JOURNEY WITH ACN is our Friday newsletter which will be regularly posted to our blog. Our weekly newsletter was designed to provide us with an opportunity to acquaint you with the needs of the Catholic Church around the world – and with some of the projects we have been able to realize together with ACN benefactors.
This week: BRAZIL
A missionary says thank you
Adapted by ACN Canada
Father Peter Shekleton found his vocation in 1991 as he sat in London’s Westminster Cathedral listening to the preaching of Father Werenfried van Straaten, ACN’s founder. Now he is working as a missionary in the Amazon region of Brazil.
Since January 2012, Father Peter has worked in the parish of Barcelos which extends over a vast mostly uninhabited area. Most of its 25,000 inhabitants live in the town of Barcelos itself, but there are also 45 settlements of varying sizes on the Rio Negro and its 10 tributaries, most of them difficult to reach and some requiring 3 to 4 days by boat.
The majority of people living in these settlements are nominally Catholic, but the sects are very active in this area, trying to woo away the faithful. Therefore, it has become important for a priest to make regular visits, including the most distant settlements. For this reason, our generous benefactors have already helped Father Shekleton with $60,000 for the purchase of a river boat. He has written to tell us about his work:
“I began my work with an old boat belonging to the parish, which was very basic and very much in need of repairs. I was advised not to waste money on repairs but rather to buy a new boat. But why? The parishes are very poor and could by no means afford the cost of the new boat.” So Father Peter had to go on using the old and damaged boat to travel to the remote riverside villages. At least, after a time, he was able to purchase an outboard motor.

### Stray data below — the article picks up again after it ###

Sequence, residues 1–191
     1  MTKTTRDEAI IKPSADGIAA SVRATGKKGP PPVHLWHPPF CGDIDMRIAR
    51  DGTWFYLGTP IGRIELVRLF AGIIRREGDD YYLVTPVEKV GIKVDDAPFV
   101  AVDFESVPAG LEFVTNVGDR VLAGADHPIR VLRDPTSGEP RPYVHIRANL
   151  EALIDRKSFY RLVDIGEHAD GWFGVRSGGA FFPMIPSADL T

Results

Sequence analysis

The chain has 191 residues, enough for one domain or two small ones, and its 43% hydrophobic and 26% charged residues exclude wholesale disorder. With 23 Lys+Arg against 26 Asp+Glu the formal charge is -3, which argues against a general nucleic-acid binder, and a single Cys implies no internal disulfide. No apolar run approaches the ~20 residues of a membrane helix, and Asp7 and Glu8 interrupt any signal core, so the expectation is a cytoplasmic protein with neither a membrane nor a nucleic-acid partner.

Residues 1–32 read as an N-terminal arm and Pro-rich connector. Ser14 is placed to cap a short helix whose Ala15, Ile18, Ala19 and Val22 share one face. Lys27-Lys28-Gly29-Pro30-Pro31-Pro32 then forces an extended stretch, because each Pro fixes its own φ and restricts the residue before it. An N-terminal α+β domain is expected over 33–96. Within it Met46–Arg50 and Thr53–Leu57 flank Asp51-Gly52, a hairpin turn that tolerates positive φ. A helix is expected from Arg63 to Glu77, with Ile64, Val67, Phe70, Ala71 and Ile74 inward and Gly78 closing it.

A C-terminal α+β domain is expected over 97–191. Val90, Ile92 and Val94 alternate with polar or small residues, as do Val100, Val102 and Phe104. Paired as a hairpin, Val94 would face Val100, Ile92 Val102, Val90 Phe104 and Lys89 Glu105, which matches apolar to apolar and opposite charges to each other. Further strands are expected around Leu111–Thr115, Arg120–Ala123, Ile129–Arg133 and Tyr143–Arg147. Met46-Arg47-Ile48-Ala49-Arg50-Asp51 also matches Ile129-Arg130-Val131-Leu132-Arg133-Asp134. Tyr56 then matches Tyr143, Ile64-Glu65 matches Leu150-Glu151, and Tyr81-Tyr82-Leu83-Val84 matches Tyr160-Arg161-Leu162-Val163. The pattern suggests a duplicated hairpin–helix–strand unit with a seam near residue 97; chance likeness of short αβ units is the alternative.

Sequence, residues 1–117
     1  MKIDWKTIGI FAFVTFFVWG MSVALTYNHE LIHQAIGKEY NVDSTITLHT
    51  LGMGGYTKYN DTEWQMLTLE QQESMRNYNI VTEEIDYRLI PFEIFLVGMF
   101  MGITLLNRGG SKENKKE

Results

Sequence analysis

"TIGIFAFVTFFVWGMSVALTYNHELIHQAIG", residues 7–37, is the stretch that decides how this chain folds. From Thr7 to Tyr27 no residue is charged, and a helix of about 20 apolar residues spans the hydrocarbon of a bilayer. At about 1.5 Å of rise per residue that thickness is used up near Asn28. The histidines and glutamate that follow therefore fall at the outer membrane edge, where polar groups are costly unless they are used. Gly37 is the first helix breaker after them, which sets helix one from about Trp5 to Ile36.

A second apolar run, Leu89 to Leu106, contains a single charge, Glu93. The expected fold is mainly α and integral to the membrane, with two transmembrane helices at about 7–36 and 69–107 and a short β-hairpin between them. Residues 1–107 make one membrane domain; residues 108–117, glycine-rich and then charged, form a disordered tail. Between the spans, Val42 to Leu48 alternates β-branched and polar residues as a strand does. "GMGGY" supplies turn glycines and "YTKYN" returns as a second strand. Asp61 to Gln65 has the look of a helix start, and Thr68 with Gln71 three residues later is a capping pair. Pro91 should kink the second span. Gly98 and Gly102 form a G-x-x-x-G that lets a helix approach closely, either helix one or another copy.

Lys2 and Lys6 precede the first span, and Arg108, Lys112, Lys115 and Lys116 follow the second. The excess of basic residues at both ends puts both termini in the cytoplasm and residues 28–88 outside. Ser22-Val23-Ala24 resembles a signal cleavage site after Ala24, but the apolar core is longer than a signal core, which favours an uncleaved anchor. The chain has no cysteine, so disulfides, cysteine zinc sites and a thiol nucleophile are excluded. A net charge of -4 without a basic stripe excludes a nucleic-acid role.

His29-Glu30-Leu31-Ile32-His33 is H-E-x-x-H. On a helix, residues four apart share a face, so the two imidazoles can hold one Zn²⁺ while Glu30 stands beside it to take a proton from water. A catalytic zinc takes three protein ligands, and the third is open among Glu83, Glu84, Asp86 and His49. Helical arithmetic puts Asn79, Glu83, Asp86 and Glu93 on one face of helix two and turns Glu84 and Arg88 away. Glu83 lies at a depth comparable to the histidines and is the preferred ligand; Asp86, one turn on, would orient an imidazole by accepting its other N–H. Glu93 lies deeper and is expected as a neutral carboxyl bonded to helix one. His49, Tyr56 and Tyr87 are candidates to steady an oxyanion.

“There are many rapids, dangerous currents, hidden rocks and constantly shifting sand banks, and also many dangerous eddies. And one is also exposed to heavy storms and scorching sun – to say nothing of the fact that the water is full of crocodiles, piranha and snakes. At night time you have to hang up your hammock and sleep in it, which leaves you a prey to mosquitoes, bringing malaria and other infectious diseases. Last year I caught malaria.”
“I often come back happy from these journeys into the wilderness, because I have done what I believe to have been my duty. But at the same time I am also saddened by the godlessness of many people. Since the satellite dishes have advanced even into the remotest corners of the jungle, many people are starting to be influenced by the anti-values, such as hedonism, individualism, consumerism and relativism that are typical of our age. They are being robbed of their religiosity and dignity and encouraged to yearn for a life that has nothing to do with their reality. This results in many people no longer turning to God, and many of the chapels are now abandoned, or at least in a poor state. There is a great deal of alcohol abuse and sexual promiscuity. Nevertheless, I am firmly convinced that this is my mission and that the Church must continue to be present: “Preach the word; in season and out of season…” (2 Tim 4:2). For now, this Church is just me and my boat, given by ACN.”